It's easy to just pick the widest lens in our bag and shoot landscapes, but that won't guarantee a successful shot. Instead, it's important to consider the strengths and weaknesses of a variety of focal lengths before committing. Even if you're using a zoom lens, you should carefully consider what focal length will best capture those telling elements of a scene.
[ Film Vs. Digital ] Although the information in this article is applicable to both digital and film cameras, focal lengths will be related to the 35mm format. Because most image sensors are smaller than 35mm, the actual focal length may have little relation to what you expect based on 35mm. The way a lens/sensor combination responds to a scene is totally dependent on the size of the sensor. The result usually is subject to magnification within the image frame. For example, a 100mm lens attached to a digital SLR with a 1.5x magnification factor performs as a 150mm lens would on 35mm. We'll use the convention of 35mm focal lengths for reference here, so compare lenses with your camera by using 35mm equivalents.
[ Zoom Lenses ] Zoom lenses have usurped fixed focal lengths as the lens of choice for all aspects of photography, including landscape. Their optical quality often rivals those of prime lenses with the added convenience of multiple focal lengths within a single lens. What makes these lenses so much better than they were 20 or more years ago? Well, computer-aided design and the use of aspherical and low-dispersion elements have gone a long way to producing high-quality optics.
Aspherical lenses are specially shaped elements that correct for a variety of optical and color aberrations that occur within an optical design. To create consistent optical quality throughout a zoom range, lenses use one or more aspherical elements to correct spherical aberrations (pincushioning and barrel distortion) as well as improve contrast and sharpness. Aspherical elements reduce the need for multiple glass elements, thereby creating a smaller and more compact lens.
An increasing number of lenses—fast-aperture, telephotos and ultra-wides—also are incorporating low-dispersion elements in their design. These elements correct for chromatic aberrations, which can lead to decreased color accuracy, particularly toward the edge of the frame. You've seen dispersion when viewing light through a prism, which is dispersed into its component light waves, creating a fan or spectrum of color. Although pretty to look it, it's bad news when you're trying to photograph a scene. The use of low-dispersion elements ensures that the path the light travels through the lens remains concentrated and stable, guaranteeing color accuracy and image brilliance.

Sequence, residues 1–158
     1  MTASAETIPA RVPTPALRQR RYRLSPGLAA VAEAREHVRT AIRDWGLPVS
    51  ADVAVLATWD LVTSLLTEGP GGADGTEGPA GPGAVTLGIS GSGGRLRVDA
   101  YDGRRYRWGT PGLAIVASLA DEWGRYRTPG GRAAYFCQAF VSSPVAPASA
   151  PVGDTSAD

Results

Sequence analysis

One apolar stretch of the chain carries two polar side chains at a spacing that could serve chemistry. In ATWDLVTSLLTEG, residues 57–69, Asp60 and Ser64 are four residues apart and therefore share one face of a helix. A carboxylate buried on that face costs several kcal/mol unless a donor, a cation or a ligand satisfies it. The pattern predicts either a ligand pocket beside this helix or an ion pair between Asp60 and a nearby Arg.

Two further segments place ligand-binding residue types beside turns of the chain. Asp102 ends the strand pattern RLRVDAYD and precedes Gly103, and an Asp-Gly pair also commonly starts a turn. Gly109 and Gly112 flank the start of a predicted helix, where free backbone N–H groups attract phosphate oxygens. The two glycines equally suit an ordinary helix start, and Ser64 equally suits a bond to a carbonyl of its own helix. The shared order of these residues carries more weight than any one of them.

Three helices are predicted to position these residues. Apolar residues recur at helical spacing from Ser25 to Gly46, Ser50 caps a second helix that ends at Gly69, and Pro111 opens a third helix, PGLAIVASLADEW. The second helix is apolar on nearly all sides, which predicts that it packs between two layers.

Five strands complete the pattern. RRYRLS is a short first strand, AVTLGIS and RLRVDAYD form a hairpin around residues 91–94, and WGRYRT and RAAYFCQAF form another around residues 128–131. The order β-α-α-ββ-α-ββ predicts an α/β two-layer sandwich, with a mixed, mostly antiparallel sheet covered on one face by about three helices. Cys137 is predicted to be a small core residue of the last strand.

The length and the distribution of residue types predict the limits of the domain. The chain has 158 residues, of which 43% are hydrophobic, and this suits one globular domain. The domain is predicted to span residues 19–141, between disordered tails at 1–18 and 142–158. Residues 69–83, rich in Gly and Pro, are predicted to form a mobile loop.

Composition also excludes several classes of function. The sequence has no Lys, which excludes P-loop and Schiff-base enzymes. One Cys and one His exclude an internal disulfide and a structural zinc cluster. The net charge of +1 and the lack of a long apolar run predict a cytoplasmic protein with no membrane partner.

[ Wide-Angles ] Wide-angle lenses always have played a big role in landscape photography. Lenses like the 24mm and 28mm have been a staple for a long time. Although wider lenses were used, they often were prohibitively expensive for anyone other than the professional photographer. Now, lenses as wide as 14mm or more are available at a more accessible price point. These lenses not only provide a wider angle of view, but are a dynamic, creative option.
The wider the focal length, the greater the field of view. For example, a 28mm lens gives you an angle of view of 74 degrees. Attach an 18mm lens to your camera and the field of view increases to 100 degrees. If you're unable to move farther back to capture more of the scene, a wider lens can deliver the increased angle of view you need.
Some prime wide-angle lenses are designed to be rectilinear, which means that straight lines remain straight when shot with such a lens. Extreme wide-angle lenses, even as wide as 14mm, can afford an ample field of view with rectilinear performance.
Specialty lenses also are available as prime lenses. With a field of view of 180 degrees or more, fish-eye optics offer an unusual way of looking at the world. Traditional fish-eye lenses created a circular image within the rectangular frame. Now there are full-frame fish-eyes that provide the same angle of coverage, but utilize the full rectangular frame. Unlike rectilinear lenses, curvature will be evident toward the edge of the frame, though you'll have a much greater angle of view.
As well as allowing increased coverage, wide focal lengths offer greater depth of field, which results in objects in an image appearing sharp despite being far apart. You can compose a distant mountain range with a strong foreground object and keep both in focus, for instance. Such a composition creates a dynamic counterpoint to the background and results in a greater sense of depth and perspective.